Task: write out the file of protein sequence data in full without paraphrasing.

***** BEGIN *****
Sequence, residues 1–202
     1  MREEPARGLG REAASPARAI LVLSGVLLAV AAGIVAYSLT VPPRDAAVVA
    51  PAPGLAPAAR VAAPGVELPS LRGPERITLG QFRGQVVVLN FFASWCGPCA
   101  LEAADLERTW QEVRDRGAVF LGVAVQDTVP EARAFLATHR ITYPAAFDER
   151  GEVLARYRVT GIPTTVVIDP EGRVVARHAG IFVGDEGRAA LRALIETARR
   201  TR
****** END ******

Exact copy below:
Sequence, residues 1–202
     1  MREEPARGLG REAASPARAI LVLSGVLLAV AAGIVAYSLT VPPRDAAVVA
    51  PAPGLAPAAR VAAPGVELPS LRGPERITLG QFRGQVVVLN FFASWCGPCA
   101  LEAADLERTW QEVRDRGAVF LGVAVQDTVP EARAFLATHR ITYPAAFDER
   151  GEVLARYRVT GIPTTVVIDP EGRVVARHAG IFVGDEGRAA LRALIETARR
   201  TR